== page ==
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Kinsa

Being suspended from school

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When I was a 6th grader I was walking down the hallway with a girl from my church who loudly called out, "Jenny likes David, Jenny likes David!" I was so embarrassed that I quickly put my hand over her mouth to keep her from continuing to yell to out the name of my crush. She began to cry, said that I had slapped her in the face (!!!), and I was suspended for 2 days. First and only time I ever got into trouble at school for something other than missing/late homework. 

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I can't help but notice that whenever one of these discussions comes up in one of my local parenting groups, there is extreme shaming of parents whose kids were suspended along the lines that the incident must be much worse than they're letting on, the child is probably a danger to his peers, and the parents are poor disciplinarians and this is their fault.

 

It makes me feel really bad for parents in that position.

 

I think it partially has to do with the fact that the absolute focus on meeting academic benchmarks means that teachers and administrators don't feel like they have the time to resolve conflicts and solve problems. And I have little faith in a society that doesn't equip children with those skills, no matter how well they may score on tests. (That they still don't is a whole 'nother story.)

 

I don't think the teachers' job is to resolve the type of conflicts that would get a child suspended. It is the parents job to give the child the skill of controlling his temper, and to play successfully in a group without hurting others.  If they can't, its their job to get help..they don't get to pass off their responsiblity to a teacher or to a police officer.  When I was a kid, delinquent boys would actually be moved to an Uncle's home for  a fresh start plus an apprenticeship...haven't seen that in the last ten years. 

 

I feel, as a parent whose dc's school changed to full inclusion, that academics are severely neglected..the school is doing the minimum to get everyone to pass, which allows many children too much free time. and idle time is the devil's work when the lack of funding means the librarian has been let go, no e-readers can be brought in, and thumb twiddling is encouraged. That's a huge opening fo bullying to grow.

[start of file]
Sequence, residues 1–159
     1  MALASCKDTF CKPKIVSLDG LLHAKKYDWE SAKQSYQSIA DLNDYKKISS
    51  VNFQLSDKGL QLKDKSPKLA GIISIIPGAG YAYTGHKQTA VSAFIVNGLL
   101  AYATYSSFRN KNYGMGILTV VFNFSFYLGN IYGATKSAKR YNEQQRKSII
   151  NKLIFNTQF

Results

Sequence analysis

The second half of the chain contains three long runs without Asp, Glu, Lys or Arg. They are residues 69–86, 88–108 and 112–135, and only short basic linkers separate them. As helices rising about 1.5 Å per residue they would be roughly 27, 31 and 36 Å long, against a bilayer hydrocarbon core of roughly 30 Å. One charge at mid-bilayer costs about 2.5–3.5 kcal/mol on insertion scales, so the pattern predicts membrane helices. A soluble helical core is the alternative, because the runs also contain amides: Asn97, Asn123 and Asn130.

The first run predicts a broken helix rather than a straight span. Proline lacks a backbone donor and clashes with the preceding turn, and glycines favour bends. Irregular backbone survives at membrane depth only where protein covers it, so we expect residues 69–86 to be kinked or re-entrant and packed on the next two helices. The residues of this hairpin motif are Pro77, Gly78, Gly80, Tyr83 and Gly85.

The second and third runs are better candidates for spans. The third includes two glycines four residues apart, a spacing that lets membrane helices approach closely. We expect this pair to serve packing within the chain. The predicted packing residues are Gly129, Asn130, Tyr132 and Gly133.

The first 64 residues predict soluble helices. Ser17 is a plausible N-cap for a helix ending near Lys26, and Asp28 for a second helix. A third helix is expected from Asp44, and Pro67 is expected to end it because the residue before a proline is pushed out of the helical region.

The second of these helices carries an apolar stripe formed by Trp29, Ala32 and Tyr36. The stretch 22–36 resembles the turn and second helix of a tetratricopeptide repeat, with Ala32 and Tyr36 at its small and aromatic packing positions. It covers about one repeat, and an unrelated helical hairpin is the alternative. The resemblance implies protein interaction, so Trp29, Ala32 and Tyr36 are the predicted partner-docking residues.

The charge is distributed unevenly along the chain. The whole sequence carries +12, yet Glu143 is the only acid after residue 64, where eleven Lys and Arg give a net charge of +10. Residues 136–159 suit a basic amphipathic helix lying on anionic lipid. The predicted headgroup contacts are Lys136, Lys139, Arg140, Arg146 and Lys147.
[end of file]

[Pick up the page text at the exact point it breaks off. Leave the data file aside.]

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I don't think the teachers' job is to resolve the type of conflicts that would get a child suspended. It is the parents job to give the child the skill of controlling his temper, and to play successfully in a group without hurting others.  If they can't, its their job to get help..they don't get to pass off their responsiblity to a teacher or to a police officer.  When I was a kid, delinquent boys would actually be moved to an Uncle's home for  a fresh start plus an apprenticeship...haven't seen that in the last ten years. 

 

I feel, as a parent whose dc's school changed to full inclusion, that academics are severely neglected..the school is doing the minimum to get everyone to pass, which allows many children too much free time. and idle time is the devil's work when the lack of funding means the librarian has been let go, no e-readers can be brought in, and thumb twiddling is encouraged. That's a huge opening fo bullying to grow. 

 

The school I was at last year (I was at 2 schools, this was the afternoon school) had a library that had no librarian.  The school was given only so much funding and they felt their $$ would be better utilized by hiring another person for a different job.  

 

I was surprised.

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To a private school associated with the hospital for troubled kids. The child is picking up terrible behaviors at this program. The school does not want her to return until she completed the program. The program is not giving her updates on when she will be considered completed.

 

I think she needs a lawyer, but doesn’t have the funds for one.

 

Who is paying for the private school and hospital treatment?

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I can't help but notice that whenever one of these discussions comes up in one of my local parenting groups, there is extreme shaming of parents whose kids were suspended along the lines that the incident must be much worse than they're letting on, the child is probably a danger to his peers, and the parents are poor disciplinarians and this is their fault.

 

It makes me feel really bad for parents in that position.

 

I think it partially has to do with the fact that the absolute focus on meeting academic benchmarks means that teachers and administrators don't feel like they have the time to resolve conflicts and solve problems. And I have little faith in a society that doesn't equip children with those skills, no matter how well they may score on tests. (That they still don't is a whole 'nother story.)

 

There is usually "my side," "your side," and the truth.